3. Never leave your instrument in a hot car or you will get a big surprise! The temperature inside a car directly in sunlight can exceed 150° F. This is also why you should never store any musical instrument in the attic. The varnish can be damaged and instruments assembled with improper glue can literally melt apart. Conversely, a cold violin can be problematic as well. If your instrument gets below 40° F, allow it to warm up gradually in its case before you remove it. If an instrument warms up too fast the result is similar to the above humidity problems.
  4. Always wipe the rosin off of your instrument after you have finished playing. Accumulated rosin can damage the finish. Use a soft 100% cotton cloth like an old non-terry dishtowel or part of an old sweatshirt. If rosin cannot be removed, take your instrument to a qualified repair person where the rosin will be chemically removed. I no longer will sell or give formulas for violin cleaner because cleaners that actually work can often cause problems in inexperienced hands. If your instrument looks dull or covered with fingerprints you may use a commercial violin polish; however, be aware that these products contain wax and many of them do not dry thoroughly. Always apply sparingly and remove as much polish as possible with a soft cotton cloth. If the finish prints easily, then there is still too much polish on the surface.
  5. Hold your instrument by the neck only. If you have a fine instrument the acids and oils in your perspiration can quickly wear away the varnish. Touch the top as little as possible. If you use a shoulder rest (most players use one today) be sure to attach it and remove it safely, placing the body of the violin against your torso and holding the neck in your left hand. Attach the rest with your right hand. That way no one can knock the violin out of your hand in the typical frenzy of a rehearsal. If the shoulder rest has latex covered feet, replace the latex when it becomes cracked and dry.
  6. Be sure to keep your bridge straight. The best bridge will warp if it is not maintained. Your teacher or repair person will show you how to do this.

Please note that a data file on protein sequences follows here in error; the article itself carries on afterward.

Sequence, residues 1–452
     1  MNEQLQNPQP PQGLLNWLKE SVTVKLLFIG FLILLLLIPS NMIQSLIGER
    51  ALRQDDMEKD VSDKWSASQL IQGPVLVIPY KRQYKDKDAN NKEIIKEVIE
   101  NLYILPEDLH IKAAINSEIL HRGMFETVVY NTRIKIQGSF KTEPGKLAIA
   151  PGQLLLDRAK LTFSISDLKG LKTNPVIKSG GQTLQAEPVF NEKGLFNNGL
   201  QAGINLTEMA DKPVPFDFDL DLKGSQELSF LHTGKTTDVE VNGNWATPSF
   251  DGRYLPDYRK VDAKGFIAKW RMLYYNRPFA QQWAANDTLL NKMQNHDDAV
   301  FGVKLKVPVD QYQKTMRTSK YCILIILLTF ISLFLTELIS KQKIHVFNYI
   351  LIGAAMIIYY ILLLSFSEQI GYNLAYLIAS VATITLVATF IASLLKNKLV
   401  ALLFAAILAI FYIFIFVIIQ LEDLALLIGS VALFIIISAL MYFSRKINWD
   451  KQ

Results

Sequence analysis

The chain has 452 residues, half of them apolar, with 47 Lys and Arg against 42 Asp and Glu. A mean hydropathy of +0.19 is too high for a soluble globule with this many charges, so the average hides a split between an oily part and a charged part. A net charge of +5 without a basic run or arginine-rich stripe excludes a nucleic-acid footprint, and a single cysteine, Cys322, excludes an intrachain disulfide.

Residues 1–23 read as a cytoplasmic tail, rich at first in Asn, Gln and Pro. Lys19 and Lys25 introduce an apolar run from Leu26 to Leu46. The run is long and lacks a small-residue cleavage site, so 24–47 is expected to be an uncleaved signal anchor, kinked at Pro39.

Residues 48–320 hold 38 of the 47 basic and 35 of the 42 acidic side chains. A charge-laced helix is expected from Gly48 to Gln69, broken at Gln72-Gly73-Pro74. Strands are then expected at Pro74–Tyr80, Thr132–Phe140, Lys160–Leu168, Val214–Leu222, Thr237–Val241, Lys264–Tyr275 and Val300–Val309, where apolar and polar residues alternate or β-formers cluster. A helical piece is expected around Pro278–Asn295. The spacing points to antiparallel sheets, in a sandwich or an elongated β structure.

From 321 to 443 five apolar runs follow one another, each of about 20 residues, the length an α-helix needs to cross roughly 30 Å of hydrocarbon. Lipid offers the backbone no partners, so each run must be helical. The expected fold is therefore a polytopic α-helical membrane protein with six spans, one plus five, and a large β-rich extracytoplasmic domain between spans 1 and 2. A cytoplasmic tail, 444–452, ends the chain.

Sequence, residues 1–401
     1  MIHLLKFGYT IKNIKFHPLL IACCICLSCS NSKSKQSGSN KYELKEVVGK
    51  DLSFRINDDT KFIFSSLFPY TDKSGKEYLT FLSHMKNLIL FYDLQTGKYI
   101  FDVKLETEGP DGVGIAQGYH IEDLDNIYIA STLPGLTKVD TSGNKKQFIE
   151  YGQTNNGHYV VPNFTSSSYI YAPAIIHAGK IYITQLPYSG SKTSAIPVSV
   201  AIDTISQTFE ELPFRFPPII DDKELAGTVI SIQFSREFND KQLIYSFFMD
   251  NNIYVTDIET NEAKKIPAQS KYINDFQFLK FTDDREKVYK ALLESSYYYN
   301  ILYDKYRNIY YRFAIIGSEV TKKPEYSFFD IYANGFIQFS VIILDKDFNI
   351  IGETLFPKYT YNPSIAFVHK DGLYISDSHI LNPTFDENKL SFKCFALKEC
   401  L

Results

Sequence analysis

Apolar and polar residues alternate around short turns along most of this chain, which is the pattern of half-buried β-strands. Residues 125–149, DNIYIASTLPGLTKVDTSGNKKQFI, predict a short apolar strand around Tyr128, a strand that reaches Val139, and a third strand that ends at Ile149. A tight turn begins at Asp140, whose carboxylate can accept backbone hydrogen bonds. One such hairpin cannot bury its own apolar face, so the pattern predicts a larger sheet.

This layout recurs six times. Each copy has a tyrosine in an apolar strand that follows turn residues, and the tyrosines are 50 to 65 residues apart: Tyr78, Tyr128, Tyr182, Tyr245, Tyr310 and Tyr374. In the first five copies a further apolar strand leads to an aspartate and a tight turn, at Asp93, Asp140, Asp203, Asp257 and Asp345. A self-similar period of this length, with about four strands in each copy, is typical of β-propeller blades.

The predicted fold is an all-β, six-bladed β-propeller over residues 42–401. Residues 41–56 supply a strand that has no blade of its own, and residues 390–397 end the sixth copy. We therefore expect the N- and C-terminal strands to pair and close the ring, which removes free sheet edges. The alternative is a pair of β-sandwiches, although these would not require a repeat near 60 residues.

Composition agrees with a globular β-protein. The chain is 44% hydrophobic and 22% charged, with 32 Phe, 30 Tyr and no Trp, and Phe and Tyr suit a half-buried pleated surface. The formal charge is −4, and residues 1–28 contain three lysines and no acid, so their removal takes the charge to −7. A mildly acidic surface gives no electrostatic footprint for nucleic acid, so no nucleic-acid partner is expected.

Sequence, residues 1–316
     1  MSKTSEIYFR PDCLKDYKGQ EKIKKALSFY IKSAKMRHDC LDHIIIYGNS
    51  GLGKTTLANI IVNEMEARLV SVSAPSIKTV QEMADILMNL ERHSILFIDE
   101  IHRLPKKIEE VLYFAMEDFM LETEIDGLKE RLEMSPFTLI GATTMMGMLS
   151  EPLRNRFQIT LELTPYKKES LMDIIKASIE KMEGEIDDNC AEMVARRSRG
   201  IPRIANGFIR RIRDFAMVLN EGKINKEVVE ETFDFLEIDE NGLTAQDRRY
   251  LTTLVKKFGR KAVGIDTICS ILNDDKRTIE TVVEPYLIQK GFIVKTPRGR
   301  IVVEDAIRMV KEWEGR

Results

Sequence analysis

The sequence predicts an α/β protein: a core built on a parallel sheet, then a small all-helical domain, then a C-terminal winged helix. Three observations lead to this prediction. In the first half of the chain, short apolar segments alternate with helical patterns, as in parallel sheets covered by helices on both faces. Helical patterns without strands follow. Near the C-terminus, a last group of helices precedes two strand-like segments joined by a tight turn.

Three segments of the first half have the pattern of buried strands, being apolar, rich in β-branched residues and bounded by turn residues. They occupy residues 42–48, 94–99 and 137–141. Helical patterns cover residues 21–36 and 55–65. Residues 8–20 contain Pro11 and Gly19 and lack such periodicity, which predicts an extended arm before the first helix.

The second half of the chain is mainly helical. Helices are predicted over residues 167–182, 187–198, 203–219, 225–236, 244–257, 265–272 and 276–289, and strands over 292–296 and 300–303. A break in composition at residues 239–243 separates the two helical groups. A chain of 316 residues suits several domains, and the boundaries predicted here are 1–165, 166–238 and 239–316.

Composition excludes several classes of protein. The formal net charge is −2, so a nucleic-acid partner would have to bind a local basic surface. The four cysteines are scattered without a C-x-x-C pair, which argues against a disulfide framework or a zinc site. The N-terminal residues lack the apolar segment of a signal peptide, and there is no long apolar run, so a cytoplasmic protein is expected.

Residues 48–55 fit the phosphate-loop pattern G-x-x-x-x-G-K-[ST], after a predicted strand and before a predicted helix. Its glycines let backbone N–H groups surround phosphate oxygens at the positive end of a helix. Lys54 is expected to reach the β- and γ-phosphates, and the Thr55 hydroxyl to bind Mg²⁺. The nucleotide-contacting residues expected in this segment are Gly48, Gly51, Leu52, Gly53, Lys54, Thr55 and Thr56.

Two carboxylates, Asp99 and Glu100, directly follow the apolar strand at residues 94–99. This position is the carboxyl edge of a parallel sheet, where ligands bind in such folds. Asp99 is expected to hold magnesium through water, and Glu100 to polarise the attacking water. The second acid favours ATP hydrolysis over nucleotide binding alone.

7. If your pegs stick during high humidity and you cannot move them do not force them or attack them with pliers! You could crack or break off the peg box. Take the instrument to your repair person, as he or she knows how to loosen them safely. Use lava soap or commercial peg dope to lubricate sticky pegs.
  8. Always loosen your bow hair when you are finished playing. Be aware that humidity has an effect on the length of the hair. Sometimes during the dry season you will not be able to loosen the hair all the way. If it is a little too tight do not worry, but if the hair is tight enough to play, take it to a repair person and have the bow rehaired. When not actually playing always hold your bow at the frog with the tip pointing up; do not use it as a pointer, a cane, or a sword; and certainly do not bang it on a music stand to applaud a soloist! Also, do not over rosin. If you had enough rosin on your bow yesterday when you finished practicing, there is no reason to add any today. Have your bow rehaired at least once a year.
  9. If you have a problem with your instrument, take it to a competent repair person. Be advised that the vast majority of music stores do not have a qualified repair person even though they advertise repairs. Before you entrust your instrument to anyone, be sure to inquire about his or her qualifications. Be sure to examine your instrument frequently for any problems—warped bridge, open seams, cracks, etc. Small problems do not become big ones unless they are neglected

Instructions for using humidifiers: Dampits and Humitrons